September 26, 2018
CFTC Charges Two Commodity Traders with Attempted Manipulation of Agricultural Markets
Washington, DC — The Commodity Futures Trading Commission (CFTC) today issued an Order against Adam Flavin (Flavin) and an Order against Peter Grady (Grady), traders at a Commodity Merchandising Firm, filing and settling charges for their attempted manipulation of the price of certain wheat futures and options contracts that were traded on the Chicago Board of Trade (CBOT).
CFTC Director of Enforcement Comments
James McDonald, CFTC Director of Enforcement, commented: “This case shows the CFTC’s commitment to holding individual wrongdoers accountable for their misconduct. As this investigation shows, we will not stop at corporate charges but will work vigorously to ensure the individuals who carried out the wrongful acts are held accountable as well.”
Flavin’s Order requires him to pay a $125,000 civil monetary penalty (CMP) and Grady’s Order requires him to pay a $250,000 CMP. Further, Flavin’s Order finds that for four years, and Grady’s Order finds that for nine months, each is prohibited, from the date of their respective Orders, from: 1) entering into any transactions involving commodity interests; 2) having any commodity interests traded on his behalf; 3) controlling or directing the trading for or on behalf of any other person or entity in any account involving commodity interests; and 4) soliciting, receiving, or accepting any funds from any person for the purpose purchasing or selling any commodity interests. The two Orders also require Flavin and Grady to cease and desist from further violations of the Commodity Exchange Act, as charged.
According to the Order, Flavin was a Kansas resident and an employee at the Commodity Merchandising Firm responsible for buying and selling physical wheat and trading CBOT wheat futures contracts for both hedging and speculative purposes. According to the Order, Grady was a Colorado resident and an employee at a subsidiary of the Commodity Merchandising Firm and was responsible for trading CBOT wheat futures contracts and options for speculative purposes. Grady also communicated regularly with employees of the Commodity Merchandising Firm who traded physical wheat.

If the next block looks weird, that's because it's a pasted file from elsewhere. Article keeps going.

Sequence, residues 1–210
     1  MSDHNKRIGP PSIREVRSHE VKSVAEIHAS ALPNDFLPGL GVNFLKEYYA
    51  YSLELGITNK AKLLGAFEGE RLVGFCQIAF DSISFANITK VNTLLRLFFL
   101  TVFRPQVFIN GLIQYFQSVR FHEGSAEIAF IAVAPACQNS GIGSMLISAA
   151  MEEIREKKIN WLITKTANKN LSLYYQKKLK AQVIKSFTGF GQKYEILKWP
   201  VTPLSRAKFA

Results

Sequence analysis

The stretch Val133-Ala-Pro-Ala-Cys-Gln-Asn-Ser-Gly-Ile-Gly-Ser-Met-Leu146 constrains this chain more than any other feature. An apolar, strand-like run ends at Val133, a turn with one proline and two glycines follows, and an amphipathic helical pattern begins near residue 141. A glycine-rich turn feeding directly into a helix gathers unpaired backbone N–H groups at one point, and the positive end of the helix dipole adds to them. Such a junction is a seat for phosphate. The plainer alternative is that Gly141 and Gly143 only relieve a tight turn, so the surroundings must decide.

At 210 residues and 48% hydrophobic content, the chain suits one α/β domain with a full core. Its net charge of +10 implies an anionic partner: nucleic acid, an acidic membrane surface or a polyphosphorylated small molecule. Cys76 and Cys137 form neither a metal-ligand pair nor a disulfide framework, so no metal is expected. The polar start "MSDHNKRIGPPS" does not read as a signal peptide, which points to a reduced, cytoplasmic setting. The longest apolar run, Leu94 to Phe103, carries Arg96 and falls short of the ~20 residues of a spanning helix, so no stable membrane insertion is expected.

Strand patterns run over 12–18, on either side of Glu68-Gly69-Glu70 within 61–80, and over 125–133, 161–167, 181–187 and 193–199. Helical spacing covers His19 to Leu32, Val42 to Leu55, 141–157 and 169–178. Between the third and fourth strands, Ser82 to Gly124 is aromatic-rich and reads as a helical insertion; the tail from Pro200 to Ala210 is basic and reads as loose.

Both the Flavin and Grady’s Orders further find that from at least March 3 to March 11, 2015, Flavin and Grady, while acting with others, coordinated and executed a strategy to attempt to manipulate the price of certain wheat futures and options contracts that were traded on the CBOT. This strategy, according to each Order, centered on acquiring and loading-out for delivery, by train or barge, wheat with 3 parts per million deoxynivalenol (3 ppm Vomitoxin) through the purchase and cancellation of 250 wheat shipping certificates (Wheat Certificates). Through the cancellation of these Wheat Certificates, they intended to send a false or misleading signal to the market of a demand for 3 ppm Vomitoxin wheat in order to increase the value of certain wheat spread and options.